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  • #31
    Re: Saudi gets SLAPPED ! (Oil going to $100?)

    Originally posted by lakedaemonian View Post
    Agreed.

    Xi’s Chinese Navy today seems like a right sized analog to Reagan’s 80’s US Navy 600 ship fleet goal.

    I’m all for the US disengaging from direct and indirect kinetic action in the region.

    But you can’t have your cake and eat it too when it comes to disengagement and maintaining the exorbitant privilege of the global reserve currency.

    Shifts in bilateral and multilateral network trade volumes are going to be interesting to watch to try and determine what currency/basket/commodity/crypto emerges next, or provides the bridge to get us there.

    While the US is theoretically energy independent, I suspect acting too aggressively/arrogantly/unilaterally could lead to a fair bit of pain.

    I don’t think “data is the new oil” quite yet.

    At least not until we have something to replace oil getting us from A to B that is affordable for folks outside of the Bay Area.

    Maybe Zoom(ZM: NASDAQ) at $20 billion is a cheap hedge someday if we get $100-150 energy and/or pandemic scare again.

    I’ve never traveled for work more than I do now, but I also have never used Zoom more than I do now.

    UAE seem to have made some legit headway towards a post oil world someday.

    But Saudi Arabia is going to have to do a lot more than just writing embarrassingly massive checks in Softbank’s Vision Fund to build a sustainable post oil future.

    I am beginning to wonder if the Shah propping up the likes of Grumman(and others) in the 1970’s is being eerily repeated by Saudi’s MBS propping up tech valuations thru Softbank’s Vision Fund?

    The Shah(his money) was most welcome in the US, right up until he(it) wasn’t.
    Sound observations, as usual, lake. But I will gently disagree with the highlighted line above.

    The picture attached to this post was taken by me in the Permian Basin of Texas last Thursday. Five of the six rigs drilling on this pad are visible (the sixth was behind me on the other side of the lease road). This operation is not being conducted by some overleveraged, private-equity-owned, independent exploration company. This is the largest US headquartered multinational. One of the other US multinationals has stated it intends to triple its production from the Permian by 2023, from development on its existing acreage. It is not possible to describe the scale of what is going on here; you really have to see it first hand.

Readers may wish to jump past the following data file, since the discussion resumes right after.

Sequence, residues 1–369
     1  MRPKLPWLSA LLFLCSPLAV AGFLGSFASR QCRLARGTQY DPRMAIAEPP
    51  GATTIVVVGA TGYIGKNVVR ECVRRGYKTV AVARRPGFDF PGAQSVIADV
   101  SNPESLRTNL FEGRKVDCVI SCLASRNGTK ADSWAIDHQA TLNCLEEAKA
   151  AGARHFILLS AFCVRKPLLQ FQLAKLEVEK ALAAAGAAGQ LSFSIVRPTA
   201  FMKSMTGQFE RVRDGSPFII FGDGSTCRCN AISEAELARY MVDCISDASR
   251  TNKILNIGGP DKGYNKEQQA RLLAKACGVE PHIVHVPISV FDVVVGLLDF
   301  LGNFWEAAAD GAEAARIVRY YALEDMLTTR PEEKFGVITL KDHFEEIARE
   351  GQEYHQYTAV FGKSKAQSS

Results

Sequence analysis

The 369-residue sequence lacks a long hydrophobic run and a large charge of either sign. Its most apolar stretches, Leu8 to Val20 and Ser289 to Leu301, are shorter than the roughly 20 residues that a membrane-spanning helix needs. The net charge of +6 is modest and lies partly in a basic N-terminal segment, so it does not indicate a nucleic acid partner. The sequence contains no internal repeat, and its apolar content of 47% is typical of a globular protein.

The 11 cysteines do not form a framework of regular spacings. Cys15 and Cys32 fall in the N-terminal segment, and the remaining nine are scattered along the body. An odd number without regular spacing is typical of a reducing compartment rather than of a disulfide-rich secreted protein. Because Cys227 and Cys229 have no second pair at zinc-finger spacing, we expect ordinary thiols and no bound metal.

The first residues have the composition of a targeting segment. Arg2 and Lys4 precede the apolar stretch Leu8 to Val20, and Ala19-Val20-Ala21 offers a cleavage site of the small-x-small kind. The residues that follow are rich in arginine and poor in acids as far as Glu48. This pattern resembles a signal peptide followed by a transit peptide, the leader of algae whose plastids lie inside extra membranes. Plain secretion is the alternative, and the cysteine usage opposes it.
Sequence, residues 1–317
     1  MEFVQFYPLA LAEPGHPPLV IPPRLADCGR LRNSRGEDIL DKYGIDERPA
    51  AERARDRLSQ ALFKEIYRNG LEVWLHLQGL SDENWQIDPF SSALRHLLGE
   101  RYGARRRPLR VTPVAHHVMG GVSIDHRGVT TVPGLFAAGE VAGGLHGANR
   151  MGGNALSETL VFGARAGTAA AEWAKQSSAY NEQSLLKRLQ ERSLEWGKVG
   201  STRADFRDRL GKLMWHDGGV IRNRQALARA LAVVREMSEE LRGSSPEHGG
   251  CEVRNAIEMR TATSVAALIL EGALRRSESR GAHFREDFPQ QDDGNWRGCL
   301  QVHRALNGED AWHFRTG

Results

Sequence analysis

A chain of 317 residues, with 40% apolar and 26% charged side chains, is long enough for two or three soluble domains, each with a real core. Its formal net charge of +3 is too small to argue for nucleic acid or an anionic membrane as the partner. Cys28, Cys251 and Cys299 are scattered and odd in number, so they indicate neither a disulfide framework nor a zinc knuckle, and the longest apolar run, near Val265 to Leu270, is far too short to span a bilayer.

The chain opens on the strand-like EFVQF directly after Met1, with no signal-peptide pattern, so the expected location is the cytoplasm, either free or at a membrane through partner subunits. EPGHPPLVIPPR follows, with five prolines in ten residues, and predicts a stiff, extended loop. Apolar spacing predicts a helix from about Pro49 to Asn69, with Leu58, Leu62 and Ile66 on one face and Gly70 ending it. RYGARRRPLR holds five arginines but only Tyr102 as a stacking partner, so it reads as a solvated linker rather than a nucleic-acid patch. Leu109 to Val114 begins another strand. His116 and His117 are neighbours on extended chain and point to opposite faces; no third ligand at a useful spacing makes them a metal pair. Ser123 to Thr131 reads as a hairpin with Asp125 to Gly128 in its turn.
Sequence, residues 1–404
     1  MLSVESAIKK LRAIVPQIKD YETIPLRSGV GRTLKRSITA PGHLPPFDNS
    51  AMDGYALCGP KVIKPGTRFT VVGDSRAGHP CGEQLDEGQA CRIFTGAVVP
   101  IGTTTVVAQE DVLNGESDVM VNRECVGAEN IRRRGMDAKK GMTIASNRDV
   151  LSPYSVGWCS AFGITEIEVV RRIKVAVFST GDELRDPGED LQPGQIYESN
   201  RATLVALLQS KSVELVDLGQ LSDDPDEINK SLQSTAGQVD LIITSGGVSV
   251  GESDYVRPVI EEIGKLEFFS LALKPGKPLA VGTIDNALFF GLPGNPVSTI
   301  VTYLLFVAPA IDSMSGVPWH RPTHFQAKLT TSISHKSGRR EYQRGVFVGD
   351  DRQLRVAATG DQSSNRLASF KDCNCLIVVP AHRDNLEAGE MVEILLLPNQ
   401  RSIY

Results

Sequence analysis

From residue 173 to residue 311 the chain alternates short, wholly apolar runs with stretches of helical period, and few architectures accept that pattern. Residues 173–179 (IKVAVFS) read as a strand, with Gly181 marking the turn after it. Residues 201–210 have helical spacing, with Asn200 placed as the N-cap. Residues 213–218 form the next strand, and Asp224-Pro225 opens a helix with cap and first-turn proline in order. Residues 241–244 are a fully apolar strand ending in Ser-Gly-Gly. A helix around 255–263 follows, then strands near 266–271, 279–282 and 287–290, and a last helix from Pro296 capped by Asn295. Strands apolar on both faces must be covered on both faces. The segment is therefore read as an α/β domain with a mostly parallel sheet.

This is what the USA is so good at. Global disruption at the intersection of cutting edge technology and the world's largest, deepest financial market. These rigs are now capable of drilling 10,000 foot horizontal sections, dynamically steering the drill bit in real time the whole way.

    THIS is what has allowed the USA to apply sanctions to multiple OPEC members and forcibly remove significant oil production from Venezuela, Iran and others from world markets. Something that would have been unthinkable just a decade or two ago.

    The USA was the dominant oil producing nation when it inherited the mantle of reserve currency holder from Britain. So I would question that it needs to remain as heavily militarily engaged in the Middle East as a condition of maintaining that status. I think Martin Armstrong's observation is correct - the amount of money used in trade transactions, including oil, is small compared to investment and Central Bank currency reserve flows globally. And that situation has only been amplified with the enormous growth in global liquidity at the hands of all of our Central Banks since 2008, that is concentrating in financialization of every imaginable "collectable" asset on earth - and that would include Tesla stock and Softbank fund units.

    At some point support for the increasingly odious Saudi regime is going to become politically untenable in D.C. It is the Saudis that were at the centre of 9/11. It is Saudi money that represents the greater threat to the USA because of its enormous funding of terrorism. I suspect it is going to take a) a more coherent domestic energy policy, b) an acceleration in the "electrification" of the US economy, and c) a far more astute, capable, less chaotic, President and Administration, before the USA will have the political courage to pull the rug out from under the Al Saud clan (you and I both know the regime cannot survive without US & UK military support; every Saudi Prince that holds status as a "fighter pilot" is going to bail out on their private jets to the safety of the Intercontinental Hotel in Geneva at the first sign of any real conflict). But I think it is coming. And I think it may be during MBS' turn at the wheel. Iran has always been the more natural ally of the USA than Saudi.

    The world reserve currency will be the one that provides the avenue to the financial and physical assets with greatest legal and political security. As some of the world's most odious regimes band together to try to counter the political and military influence of the USA, I don't see the US$ being displaced from that status for a very, very long time. Even if there comes an Asian currency bloc, led by the RMB, I don't see the outflow of capital and people from that region to a safer haven stopping. It might even accelerate.